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Stevia    

(Named for P.J. Esteve M.D. (d 1566), Professor of Botany at Valencia, Spain.) Compositae. Around 150 species of annual to perennial herbs and shrubs. Leaves usually opposite at least below, entire, toothed or sometimes tripartite. Capitula small, discoid, in panicle or corymbs; involucre cylindric; receptacle flat, naked; disc florets few, tubular, hermaphrodite. Fruit a linear, ribbed, cypsela; pappus of chaffy scales or bristles. Tropical and warm America. Z9.

Cultivation   

Stevia is uncommon in cultivation, although sometimes included in collections of native plants. Stevia eupatoria make a moderatley attractive, velvety perennial for the herbaceous border, flowering over a long period in late summer; with other species, given good drainage and protection at the crown, it may overwinter in situ in mild winters, hardiness is not established. Grow in sun in light sandy soils. Propagate by seed, cuttings or division.

Stevia rebaudiana   

Annual herb to 50cm, puberulous. Leaves opposite, oblanceolate, dentate to crenulate. Capitula very small, in corymbs; florets white. Paraguay.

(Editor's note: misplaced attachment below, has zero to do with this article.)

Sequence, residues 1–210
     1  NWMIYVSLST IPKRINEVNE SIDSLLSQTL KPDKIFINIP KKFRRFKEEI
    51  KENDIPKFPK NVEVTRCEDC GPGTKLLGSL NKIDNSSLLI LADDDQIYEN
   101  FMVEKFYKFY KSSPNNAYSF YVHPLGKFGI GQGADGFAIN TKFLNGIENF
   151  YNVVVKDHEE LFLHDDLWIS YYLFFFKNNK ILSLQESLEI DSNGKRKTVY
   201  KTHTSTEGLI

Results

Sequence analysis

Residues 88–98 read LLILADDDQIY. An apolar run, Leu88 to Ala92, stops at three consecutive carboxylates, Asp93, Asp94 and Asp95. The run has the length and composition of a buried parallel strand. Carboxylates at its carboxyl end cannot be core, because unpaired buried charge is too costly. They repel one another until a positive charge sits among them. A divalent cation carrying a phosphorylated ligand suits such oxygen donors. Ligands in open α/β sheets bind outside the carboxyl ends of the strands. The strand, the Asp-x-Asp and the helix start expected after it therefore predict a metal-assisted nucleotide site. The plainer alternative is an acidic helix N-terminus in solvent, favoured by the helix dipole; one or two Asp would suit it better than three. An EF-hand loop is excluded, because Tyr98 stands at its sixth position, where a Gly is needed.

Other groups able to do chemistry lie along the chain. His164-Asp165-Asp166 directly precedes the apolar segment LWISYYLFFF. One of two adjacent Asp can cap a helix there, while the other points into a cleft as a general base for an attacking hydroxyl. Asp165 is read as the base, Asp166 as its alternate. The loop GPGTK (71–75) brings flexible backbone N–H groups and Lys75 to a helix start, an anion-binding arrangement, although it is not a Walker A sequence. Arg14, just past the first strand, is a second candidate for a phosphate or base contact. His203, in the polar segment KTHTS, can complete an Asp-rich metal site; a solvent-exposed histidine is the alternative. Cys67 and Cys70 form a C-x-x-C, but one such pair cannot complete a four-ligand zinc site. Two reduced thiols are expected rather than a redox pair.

This most unusual relative of the daisy family produces a stevioside, a type of glycoside in its leaves, which is so sweet it can be used as a replacement for sugar. For example; one fresh leaf is considered to be sufficient for a cup of tea or coffee. However, when the leaves are dried and ground the quantity of the resultant powder required to sweeten a drink is very small. As little as a quarter of a teaspoon (or even less) is quite sufficient for a large tea or coffee. Some powdered extracts of Stevia leaves have been reported as being over 250 times more sweet than the same quantity of sugar. These powdered extracts also have the rather attractive feature of allegedly having no calories at all. They can also be used as the sweet component of sauces for barbecues. As with all herbal substances any usage of Stevia leaves must come with the caveat that some people may react badly to them. In such cases it is recommended that you should consult your doctor and perhaps face the fact that you must return to using sugar; or maybe give up sweet things altogether. Oh well, such is life.

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